Jesus Christ said many difficult things in the Holy Bible. Recently, I’ve been thinking of a statement recorded by Matthew:
“And why take ye thought for raiment? Consider the lilies of the field, how they grow; they toil not, neither do they spin: And yet I say unto you, That even Solomon in all his glory was not arrayed like one of these.”(Matthew 6:28-29, KJV)
Then there is this remark, recorded by Luke:
“And he said unto his disciples, ‘Therefore I say unto you, Take no thought for your life, what ye shall eat; neither for the body, what ye shall put on.'” (Luke 12:22, KJV)
These are difficult things to read. I think about food a lot. I think about where it comes from, what it contains, how it was grown, and how it was prepared. Of all the things I worry about each day, the purity and quality of my food ranks high. I filter my tap water and put it in glass bottles, I boil my free-range eggs and save the shells for my garden; then I make a salad from greens I’ve grown or gathered from a farmer whose hand I’ve shaken.
I try to make thoughtful decisions about the things I buy in the local specialty grocery store, but it’s difficult. The other day I noticed the “local” eggs this store provided had been trucked from a farm fifty-six miles away. I know there are farmers with chickens right around the corner.
How can I not worry about these things? Was Jesus suggesting I turn a blind eye and mind and eat at McDonald’s?
Similarly distressing to me is the first verse. I’m no lily of the field and I spend a lot of time worrying about the clothes I wear. I strive to be as thoughtful about the provenance of my circle skirts as I am my summer squash. I’ve written about my struggles to find long-lasting quality clothing more than once here on this blog.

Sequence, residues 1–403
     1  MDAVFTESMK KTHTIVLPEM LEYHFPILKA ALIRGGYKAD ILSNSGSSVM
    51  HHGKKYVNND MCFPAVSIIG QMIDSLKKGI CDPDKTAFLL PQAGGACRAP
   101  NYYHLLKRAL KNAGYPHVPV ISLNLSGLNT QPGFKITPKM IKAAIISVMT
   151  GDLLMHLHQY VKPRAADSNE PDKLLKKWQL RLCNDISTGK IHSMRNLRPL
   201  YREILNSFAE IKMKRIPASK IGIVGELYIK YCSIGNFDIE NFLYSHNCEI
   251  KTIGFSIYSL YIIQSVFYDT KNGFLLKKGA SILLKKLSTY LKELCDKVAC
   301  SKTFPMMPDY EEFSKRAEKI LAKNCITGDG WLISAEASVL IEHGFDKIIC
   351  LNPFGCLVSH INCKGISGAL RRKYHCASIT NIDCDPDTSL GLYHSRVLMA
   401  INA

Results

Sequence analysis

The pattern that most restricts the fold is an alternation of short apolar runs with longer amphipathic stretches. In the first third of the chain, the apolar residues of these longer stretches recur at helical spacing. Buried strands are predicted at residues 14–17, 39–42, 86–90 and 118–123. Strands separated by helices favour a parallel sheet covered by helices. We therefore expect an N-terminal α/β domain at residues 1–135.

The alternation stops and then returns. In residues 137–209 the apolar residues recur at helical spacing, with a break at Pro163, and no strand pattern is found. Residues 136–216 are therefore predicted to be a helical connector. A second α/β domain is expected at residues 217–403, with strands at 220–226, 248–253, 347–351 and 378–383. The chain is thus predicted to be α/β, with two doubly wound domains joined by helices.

Surely, Jesus was not suggesting we go out in public wearing our pajamas.
The other day, I read an article about child slave labor in one of the countries that produces the inexpensive clothing we’ve all grown accustomed to buying and wearing. It affected me because I had worked in a slipper factory to put myself through college during the last remnants of American industrialism. I was adequately trained, my work environment was imperfectly pleasant, and I don’t think I was abused in any way. I don’t remember ever chatting virulently around the “water cooler” about my boss, the machinist who fixed my sewing machine, or the owner of the company (who was a real person I saw almost every day). It was “piece work” and I generally earned $12 to $15 dollars per hour. That was a lot of money for a college student in 1984.
(Click the picture to read more about my struggles with clothing.)
I’m spinning and toiling with words this morning as I lift my weary Friday brain off the pillow. I’m shuffling through my closets and bureaus, wondering if there is anything I can do to change a sovereign nation on the other side of the globe. It’s complicated and messy for a Friday; unpleasant even.
The truth is, we are addicted to cheap bleep in this country and the implications of that addiction are far-reaching. I don’t have many answers today, but I know I am free to withdraw my consent.
It’s kind of like garlic. When I read the labels and found out the garlic in the grocery store was being shipped here from around the globe, I started growing my own. It’s turned out pretty well and while my actions haven’t put an end to the overseas garlic trade, I’m no longer consenting to it.
I can withdraw my consent of Indian sweat shops by saying “No” to cheap bleep today. It might be a small step, but it’s the one I can take.
It’s a little bit less I have to worry about, like Jesus suggested.